pronounce, the short form "hextet" is used.

   "hextet" MUST be used in all technical documents and specifications
   refering to IPv6 address parts.

4.2. quibble

   A nibble is a 4bit entity, hence 16 bits are a quad nibble. This is a
   rather bulky word, however, so "quibble" is a convenient abbrevia-
   tion. It is a unique term in networking but has an existing meaning
   in ordinary English.

   "quibble" MAY be used for informal communication.

5. Security Considerations

   This memo does not directly discuss security issues, however the lack
   of a common, well established term could theoretically lead to misin-
   terpretation, possible leading to insecure configuration of computer

6. IANA Considerations

   No assignments by the IANA are required. However it is considered
   desirable that the IANA adopts the term in future documents.

7. References

7.1. Normative References

   [IPV6Addr] Deering, S. and R. Hinden, "IP Version 6 Addressing
              Architecture", RFC 4291, February 2006

   [IPv6Rep] Kawamura, S. and Kawashima, M., "A Recommendation for IPv6
              Address Text Representation", RFC 5952, August 2010

   [Q.6]     ITU-T, "Advantages of international automatic working",
              Fascicle VI.1 of the Blue Book, 1988

   [RFC2119] S. Bradner, Key words for use in RFCs to Indicate
              Requirement Levels

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7.2. Informal References

   [greg]     http://etherealmind.com/network-dictionary-chazwazza/,
              Sept 5, 2010

8. Acknowledgements

   Thanks go to Greg Ferro who initiated the discussion by proposing the
   term "chazwazza".[greg]

   Many thanks to all those people which contribute to our work and
   participate in the straw poll about all the other propoals, which are
   described in former versions of this memo: Chazwazza, Chunk, Column,
   Colonade, Colonnade, Doctet, Field, Hexadectet, Hit, Orone, Part,
   Provider number, customer number, network number, Quad nibble,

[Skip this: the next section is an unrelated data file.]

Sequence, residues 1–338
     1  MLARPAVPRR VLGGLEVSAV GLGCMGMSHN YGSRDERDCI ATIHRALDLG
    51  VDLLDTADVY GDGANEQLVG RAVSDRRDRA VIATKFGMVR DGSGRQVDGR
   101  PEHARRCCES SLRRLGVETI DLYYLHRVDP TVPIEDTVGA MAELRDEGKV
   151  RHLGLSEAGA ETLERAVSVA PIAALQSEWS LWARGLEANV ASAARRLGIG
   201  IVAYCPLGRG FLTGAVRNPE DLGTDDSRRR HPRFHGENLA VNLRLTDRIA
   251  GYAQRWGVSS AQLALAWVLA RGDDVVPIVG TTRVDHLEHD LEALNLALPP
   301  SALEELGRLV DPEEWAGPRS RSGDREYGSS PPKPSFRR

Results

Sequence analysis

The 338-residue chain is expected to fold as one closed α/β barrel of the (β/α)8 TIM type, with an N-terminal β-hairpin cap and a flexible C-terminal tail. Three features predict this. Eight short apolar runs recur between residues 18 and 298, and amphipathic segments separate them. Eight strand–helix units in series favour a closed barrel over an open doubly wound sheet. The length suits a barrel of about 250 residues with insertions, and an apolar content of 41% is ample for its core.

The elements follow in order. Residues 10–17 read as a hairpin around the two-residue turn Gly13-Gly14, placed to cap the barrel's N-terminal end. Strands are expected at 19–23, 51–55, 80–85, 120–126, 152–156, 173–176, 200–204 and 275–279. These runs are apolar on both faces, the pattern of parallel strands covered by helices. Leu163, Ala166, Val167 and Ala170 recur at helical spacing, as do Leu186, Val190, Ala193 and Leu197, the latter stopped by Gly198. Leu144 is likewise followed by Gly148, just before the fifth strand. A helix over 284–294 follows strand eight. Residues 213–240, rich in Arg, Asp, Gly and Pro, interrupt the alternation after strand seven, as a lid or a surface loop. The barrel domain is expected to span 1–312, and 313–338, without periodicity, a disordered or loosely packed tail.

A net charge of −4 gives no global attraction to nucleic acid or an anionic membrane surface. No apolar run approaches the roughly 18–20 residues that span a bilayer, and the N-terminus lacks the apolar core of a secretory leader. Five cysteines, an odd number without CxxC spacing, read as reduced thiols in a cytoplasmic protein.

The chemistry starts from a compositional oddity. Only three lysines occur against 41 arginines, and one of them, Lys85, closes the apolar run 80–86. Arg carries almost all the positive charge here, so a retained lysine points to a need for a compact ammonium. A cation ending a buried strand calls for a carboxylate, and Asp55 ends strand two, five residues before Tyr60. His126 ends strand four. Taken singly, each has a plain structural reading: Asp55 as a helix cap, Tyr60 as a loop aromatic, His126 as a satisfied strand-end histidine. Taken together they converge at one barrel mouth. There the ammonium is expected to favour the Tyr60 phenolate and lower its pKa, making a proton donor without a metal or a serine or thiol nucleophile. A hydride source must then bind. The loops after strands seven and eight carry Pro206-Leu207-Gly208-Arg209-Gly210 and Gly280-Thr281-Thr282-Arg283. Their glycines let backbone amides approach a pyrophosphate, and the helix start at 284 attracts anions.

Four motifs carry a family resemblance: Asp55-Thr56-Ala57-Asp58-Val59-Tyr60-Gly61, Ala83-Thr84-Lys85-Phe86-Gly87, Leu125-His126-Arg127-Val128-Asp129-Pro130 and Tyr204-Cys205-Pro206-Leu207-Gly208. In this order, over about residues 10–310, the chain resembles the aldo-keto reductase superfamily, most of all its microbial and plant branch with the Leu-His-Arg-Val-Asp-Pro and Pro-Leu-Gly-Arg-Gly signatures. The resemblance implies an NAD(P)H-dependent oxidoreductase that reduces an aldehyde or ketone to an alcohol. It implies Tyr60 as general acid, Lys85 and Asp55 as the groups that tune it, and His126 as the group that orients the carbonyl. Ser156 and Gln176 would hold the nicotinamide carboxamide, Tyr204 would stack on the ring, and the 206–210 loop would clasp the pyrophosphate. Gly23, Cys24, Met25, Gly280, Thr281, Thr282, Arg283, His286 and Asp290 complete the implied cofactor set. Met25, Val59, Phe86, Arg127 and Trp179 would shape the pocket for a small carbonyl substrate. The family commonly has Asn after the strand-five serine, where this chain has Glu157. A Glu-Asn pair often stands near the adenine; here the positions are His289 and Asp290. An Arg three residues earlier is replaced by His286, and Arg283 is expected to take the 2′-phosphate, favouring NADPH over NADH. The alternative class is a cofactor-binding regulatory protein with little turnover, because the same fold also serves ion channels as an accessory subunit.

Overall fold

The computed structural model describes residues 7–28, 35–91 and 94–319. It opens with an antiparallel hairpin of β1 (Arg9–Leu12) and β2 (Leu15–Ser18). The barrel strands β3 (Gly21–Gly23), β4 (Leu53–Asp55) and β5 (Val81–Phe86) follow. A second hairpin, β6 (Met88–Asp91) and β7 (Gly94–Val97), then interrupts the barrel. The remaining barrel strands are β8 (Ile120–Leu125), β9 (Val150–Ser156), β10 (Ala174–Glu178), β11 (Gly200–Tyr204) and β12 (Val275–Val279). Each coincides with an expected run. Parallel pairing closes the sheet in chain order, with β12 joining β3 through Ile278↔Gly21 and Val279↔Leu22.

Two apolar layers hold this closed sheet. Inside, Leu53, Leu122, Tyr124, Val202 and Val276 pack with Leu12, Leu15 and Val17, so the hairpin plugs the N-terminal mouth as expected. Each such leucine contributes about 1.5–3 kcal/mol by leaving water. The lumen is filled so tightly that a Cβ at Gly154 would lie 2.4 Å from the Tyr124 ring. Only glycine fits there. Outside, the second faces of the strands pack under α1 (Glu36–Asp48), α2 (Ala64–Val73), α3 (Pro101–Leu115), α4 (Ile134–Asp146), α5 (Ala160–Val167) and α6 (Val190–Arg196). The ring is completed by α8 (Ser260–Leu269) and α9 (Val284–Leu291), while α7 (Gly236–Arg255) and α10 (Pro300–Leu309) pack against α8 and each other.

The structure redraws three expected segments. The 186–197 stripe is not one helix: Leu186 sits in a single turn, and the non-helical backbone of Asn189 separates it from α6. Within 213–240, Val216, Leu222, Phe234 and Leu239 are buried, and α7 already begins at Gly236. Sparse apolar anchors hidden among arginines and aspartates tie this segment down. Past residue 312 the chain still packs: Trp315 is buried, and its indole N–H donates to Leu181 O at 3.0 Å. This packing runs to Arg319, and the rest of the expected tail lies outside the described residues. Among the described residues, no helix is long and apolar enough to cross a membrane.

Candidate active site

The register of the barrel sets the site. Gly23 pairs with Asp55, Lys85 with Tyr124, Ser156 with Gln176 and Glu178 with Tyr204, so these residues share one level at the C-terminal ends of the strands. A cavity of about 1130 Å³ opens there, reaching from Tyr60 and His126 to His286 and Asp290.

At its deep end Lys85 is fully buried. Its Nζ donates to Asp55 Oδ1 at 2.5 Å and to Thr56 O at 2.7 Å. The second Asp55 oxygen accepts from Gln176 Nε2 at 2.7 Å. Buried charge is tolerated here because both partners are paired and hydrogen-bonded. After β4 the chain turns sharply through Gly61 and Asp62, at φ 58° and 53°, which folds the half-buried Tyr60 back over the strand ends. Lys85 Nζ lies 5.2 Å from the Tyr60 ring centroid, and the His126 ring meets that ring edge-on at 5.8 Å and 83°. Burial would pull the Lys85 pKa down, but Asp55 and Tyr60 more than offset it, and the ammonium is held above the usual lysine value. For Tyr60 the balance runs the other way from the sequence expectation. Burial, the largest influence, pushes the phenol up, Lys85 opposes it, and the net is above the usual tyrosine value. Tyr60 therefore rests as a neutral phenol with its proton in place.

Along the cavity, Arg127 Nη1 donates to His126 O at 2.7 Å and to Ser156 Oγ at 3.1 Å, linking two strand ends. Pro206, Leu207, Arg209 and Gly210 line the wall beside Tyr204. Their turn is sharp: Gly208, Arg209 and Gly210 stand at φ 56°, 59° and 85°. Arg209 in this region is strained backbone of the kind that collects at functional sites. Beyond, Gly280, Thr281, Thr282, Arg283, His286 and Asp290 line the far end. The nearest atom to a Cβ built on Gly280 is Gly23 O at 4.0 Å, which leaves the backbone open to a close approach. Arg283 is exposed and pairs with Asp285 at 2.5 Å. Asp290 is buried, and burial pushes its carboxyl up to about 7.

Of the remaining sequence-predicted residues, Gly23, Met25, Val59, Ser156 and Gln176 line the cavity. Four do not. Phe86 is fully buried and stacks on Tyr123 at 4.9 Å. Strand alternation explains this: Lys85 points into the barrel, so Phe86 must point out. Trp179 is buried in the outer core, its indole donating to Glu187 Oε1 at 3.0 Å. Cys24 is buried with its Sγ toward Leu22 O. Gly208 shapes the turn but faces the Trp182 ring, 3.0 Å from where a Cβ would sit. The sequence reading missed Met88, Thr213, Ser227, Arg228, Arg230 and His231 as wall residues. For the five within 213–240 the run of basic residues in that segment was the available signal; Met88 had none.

qibble, Segment, Tuple, and Word.

   The inital version of this document was created following the spirit
   of [Q.6].

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Authors' Addresses

   Lutz Donnerhacke
   Leutragraben 1
   07743 Jena
   EMail: lutz@thur.de

   Richard Hartmann
   Email: richih.mailinglist@gmail.com

   Michael Horn
   Po Box 540153
   10042 Berlin

   Kay Rechthien
   Netsign GmbH
   Lindenallee 27
   14050 Berlin
   EMail: kre@netsign.eu

   Leon Weber
   Ahornstrasse 5d
   01458 Ottendorf-Okrilla
   EMail: leon@whitejack.org

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Supporter's Addresses

   Ronny Boesger
   Lahnsteiner Strasse 7
   07629 Hermsdorf
   eMail: rb@isppro.de

   Thorsten Dahm
   Josefstrasse 21
   66265 Heusweiler
   EMail: t.dahm@resolution.de

   Joerg Dorchain
   Harspergerflur 23
   66740 Saarlouis
   EMail: joerg@dorchain.net

   Sascha Lenz
   Zum Oberbaeumle 49
   97318 Kitzingen
   E-Mail: sascha.lenz@s-lz.net

   Jens Link
   Freelance Consultant
   Foelderichstr. 40
   13595 Berlin
   EMail: jl@jenslink.net

   Jan Walzer
   Kopernikusstrasse 2
   68519 Viernheim
   EMail: jan.w@lzer.net

   Sebastian Wiesinger
   EMail: sebastian@karotte.org

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Appendix A. Change History

   00 - inital version

   01 - Jens Link moved from Author to Supporter
      - Leon Weber moved from Supporter to Author
      - numerous typographic fixes
      - added "field" from [IPv6Rep] as proposal and as reason
      - added "part" for completeness
      - dismissed "hextet / hexatet / sixlet"
      - created sub sections for each proposal
      - added update notification of RFC4291 and RFC5952
      - added a "Security considerations" section

   02 - Fixing nits
      - Propose a selection mechanism

   03 - Added Hextet
      - Removed references to DENOG
      - Select two proposals based of the straw poll and the WG

   04 - Upgraded hextet to MUST
      - Corrected formalia & typos
      - lower-cased hextet and quibble as that is consensus for octet
      - Formatting
      - Fixed nits introduced by -03